From Iceland — Catholic Church Breaks Gathering Ban...Again

Catholic Church Breaks Gathering Ban…Again

Published January 4, 2021

Valur Grettisson
Photo by
Wikimedia Commons/Jón Grétarsson

A mass at the Catholic Church, Landakotskirkja, in downtown Reykjavík was stopped by the police on Sunday for violating the gathering ban, Fréttablaðið reports. When the police came they found that 51 guests were attending the church but the gathering limits for churches in Iceland is 10 unless in funerals, where it’s 50 people.

This is the second time this happened, as the Icelandic police stopped a mass on Christmas Day in the same church where well over one hundred people were attending mass. Many guests didn’t have masks on, the police only found one bottle of sanitiser in the church, and there was no possibility to keep a 2-meter distance. The police said that they had a chat about the importance of the gathering ban and the rules in that relationship with the priest after the mass, which was over when the police arrived after a call because of the violation.

Jakob Rolland, chancellor of the Catholic Church in Iceland, said after the first incident that the rules were unfair, and in some ways inconsistent, and mentioned rules about shops where more people can be together under very strict conditions and that 2-meter distance can be ensured. Jakob also said that it was the priest’s responsibility to ensure that rules were followed.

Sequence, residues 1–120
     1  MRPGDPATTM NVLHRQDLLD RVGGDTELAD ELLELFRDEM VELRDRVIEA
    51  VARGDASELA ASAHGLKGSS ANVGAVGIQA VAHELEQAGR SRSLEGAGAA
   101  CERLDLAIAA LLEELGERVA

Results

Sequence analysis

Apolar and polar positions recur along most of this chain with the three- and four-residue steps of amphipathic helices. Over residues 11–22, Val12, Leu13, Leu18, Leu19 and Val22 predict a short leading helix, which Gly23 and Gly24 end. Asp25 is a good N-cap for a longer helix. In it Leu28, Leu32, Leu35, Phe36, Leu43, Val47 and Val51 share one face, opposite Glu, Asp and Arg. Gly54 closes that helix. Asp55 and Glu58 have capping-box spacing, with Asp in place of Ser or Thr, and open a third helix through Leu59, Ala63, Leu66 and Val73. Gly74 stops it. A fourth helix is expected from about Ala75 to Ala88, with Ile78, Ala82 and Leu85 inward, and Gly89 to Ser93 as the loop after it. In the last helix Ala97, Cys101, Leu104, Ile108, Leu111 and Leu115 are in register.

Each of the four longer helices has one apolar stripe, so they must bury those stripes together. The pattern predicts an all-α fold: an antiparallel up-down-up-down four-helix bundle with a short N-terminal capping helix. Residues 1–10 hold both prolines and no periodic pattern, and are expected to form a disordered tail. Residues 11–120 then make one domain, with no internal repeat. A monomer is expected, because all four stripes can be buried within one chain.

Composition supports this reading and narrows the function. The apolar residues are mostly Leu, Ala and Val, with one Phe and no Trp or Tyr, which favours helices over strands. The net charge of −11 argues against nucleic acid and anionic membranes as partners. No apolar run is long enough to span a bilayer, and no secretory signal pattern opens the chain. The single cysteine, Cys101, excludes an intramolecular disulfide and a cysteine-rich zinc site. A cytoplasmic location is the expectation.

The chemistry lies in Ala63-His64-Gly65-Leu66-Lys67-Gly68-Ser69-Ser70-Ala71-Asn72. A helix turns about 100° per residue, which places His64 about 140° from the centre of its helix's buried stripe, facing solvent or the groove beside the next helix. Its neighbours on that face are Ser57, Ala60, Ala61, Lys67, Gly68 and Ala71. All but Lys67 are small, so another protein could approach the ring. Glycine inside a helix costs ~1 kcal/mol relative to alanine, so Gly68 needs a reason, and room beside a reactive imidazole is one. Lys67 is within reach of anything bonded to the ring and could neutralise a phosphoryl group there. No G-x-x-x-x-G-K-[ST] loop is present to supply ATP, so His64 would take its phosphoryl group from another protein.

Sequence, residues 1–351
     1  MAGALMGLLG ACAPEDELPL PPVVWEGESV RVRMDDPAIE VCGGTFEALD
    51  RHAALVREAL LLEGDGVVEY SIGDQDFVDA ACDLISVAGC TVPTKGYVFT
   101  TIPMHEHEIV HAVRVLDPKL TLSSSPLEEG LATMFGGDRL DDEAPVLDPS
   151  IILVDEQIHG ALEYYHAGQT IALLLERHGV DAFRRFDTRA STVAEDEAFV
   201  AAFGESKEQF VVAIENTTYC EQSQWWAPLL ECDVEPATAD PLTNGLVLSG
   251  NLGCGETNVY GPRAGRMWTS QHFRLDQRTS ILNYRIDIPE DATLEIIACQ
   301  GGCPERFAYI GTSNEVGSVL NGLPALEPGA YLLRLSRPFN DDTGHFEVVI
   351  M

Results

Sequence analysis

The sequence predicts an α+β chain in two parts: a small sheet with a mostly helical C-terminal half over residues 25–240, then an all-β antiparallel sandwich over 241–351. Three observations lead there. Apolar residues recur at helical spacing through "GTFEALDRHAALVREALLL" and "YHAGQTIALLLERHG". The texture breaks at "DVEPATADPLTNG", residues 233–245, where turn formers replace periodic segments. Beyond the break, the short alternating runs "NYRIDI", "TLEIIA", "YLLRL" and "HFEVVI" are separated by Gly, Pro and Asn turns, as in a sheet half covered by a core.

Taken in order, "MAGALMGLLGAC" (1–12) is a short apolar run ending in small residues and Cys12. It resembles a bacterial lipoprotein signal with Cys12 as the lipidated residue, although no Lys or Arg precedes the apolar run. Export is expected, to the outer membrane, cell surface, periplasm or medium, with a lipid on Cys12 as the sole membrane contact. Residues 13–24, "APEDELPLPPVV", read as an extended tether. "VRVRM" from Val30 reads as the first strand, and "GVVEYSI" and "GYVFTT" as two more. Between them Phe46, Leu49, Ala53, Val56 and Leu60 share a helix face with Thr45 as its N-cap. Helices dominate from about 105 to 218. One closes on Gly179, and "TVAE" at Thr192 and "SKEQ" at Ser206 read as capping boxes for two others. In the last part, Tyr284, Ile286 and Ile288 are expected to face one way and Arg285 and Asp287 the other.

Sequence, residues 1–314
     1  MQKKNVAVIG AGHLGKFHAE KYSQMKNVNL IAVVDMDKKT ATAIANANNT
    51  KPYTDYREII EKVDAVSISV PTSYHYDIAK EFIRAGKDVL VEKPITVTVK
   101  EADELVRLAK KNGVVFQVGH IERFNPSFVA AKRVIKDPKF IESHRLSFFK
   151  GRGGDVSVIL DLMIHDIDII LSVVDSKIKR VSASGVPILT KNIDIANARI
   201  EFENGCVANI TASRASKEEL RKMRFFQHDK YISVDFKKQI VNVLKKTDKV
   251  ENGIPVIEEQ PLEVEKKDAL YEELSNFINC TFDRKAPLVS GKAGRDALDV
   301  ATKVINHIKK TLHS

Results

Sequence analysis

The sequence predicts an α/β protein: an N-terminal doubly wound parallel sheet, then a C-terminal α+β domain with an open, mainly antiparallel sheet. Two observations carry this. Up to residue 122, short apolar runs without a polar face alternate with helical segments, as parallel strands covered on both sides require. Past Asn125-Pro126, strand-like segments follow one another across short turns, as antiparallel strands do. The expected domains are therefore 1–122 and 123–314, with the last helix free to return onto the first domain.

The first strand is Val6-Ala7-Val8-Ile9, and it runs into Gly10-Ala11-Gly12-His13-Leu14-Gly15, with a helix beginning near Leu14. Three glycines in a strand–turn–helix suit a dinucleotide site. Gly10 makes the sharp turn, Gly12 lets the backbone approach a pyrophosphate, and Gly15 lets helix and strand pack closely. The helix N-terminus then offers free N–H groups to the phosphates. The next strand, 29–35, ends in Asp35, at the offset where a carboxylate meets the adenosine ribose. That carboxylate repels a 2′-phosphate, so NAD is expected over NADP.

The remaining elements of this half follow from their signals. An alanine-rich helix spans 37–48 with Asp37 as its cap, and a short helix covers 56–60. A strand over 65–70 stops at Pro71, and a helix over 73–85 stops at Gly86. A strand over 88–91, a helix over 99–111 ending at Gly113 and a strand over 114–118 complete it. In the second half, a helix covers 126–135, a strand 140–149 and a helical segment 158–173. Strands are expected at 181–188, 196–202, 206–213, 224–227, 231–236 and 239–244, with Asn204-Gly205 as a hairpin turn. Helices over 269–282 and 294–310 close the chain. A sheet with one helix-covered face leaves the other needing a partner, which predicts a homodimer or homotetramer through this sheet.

But in an interview with the substitute of the bishop of the Catholic church, Patrick Breen, on Sunday in Fréttablaðið, he said that there was enough space to have 50 people in the church at the same time and ensure everyone’s safety. He also said that the Catholic church would not hold mass if there were only 10 people in the church and added that the church would not ban people from coming to masses. But he also stated that the issue hadn’t been discussed fully by the Bishop.

The Catholic church is the second biggest congregation in Iceland, but still only has 4% of the population registered in the church, or around 14,000 members, most of whom are immigrants. For some reason, the national church of Iceland hasn’t had the same problems as the Catholic Church and seems to have no problem enforcing the same rules without incidents.

The police are investigating the incident at the Catholic Church and can fine the church from 50,000 to 250,000 ISK.

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